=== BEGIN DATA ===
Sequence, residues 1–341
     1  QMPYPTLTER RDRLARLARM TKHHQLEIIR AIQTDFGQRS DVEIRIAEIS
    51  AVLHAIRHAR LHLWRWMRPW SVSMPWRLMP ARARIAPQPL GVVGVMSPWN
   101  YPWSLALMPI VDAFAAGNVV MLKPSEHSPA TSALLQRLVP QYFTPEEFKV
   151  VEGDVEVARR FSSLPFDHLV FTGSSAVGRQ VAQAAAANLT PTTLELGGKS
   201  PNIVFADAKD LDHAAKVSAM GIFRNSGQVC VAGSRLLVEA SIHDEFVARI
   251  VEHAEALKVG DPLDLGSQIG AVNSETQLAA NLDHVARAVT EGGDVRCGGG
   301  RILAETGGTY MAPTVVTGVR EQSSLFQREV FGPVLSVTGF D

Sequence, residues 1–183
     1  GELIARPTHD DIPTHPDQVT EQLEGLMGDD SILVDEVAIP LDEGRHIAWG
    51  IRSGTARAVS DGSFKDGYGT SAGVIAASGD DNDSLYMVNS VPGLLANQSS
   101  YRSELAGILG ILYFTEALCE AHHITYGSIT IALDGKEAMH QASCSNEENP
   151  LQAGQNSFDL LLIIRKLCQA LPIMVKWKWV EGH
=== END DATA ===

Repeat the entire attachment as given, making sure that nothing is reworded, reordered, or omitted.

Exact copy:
Sequence, residues 1–341
     1  QMPYPTLTER RDRLARLARM TKHHQLEIIR AIQTDFGQRS DVEIRIAEIS
    51  AVLHAIRHAR LHLWRWMRPW SVSMPWRLMP ARARIAPQPL GVVGVMSPWN
   101  YPWSLALMPI VDAFAAGNVV MLKPSEHSPA TSALLQRLVP QYFTPEEFKV
   151  VEGDVEVARR FSSLPFDHLV FTGSSAVGRQ VAQAAAANLT PTTLELGGKS
   201  PNIVFADAKD LDHAAKVSAM GIFRNSGQVC VAGSRLLVEA SIHDEFVARI
   251  VEHAEALKVG DPLDLGSQIG AVNSETQLAA NLDHVARAVT EGGDVRCGGG
   301  RILAETGGTY MAPTVVTGVR EQSSLFQREV FGPVLSVTGF D

Sequence, residues 1–183
     1  GELIARPTHD DIPTHPDQVT EQLEGLMGDD SILVDEVAIP LDEGRHIAWG
    51  IRSGTARAVS DGSFKDGYGT SAGVIAASGD DNDSLYMVNS VPGLLANQSS
   101  YRSELAGILG ILYFTEALCE AHHITYGSIT IALDGKEAMH QASCSNEENP
   151  LQAGQNSFDL LLIIRKLCQA LPIMVKWKWV EGH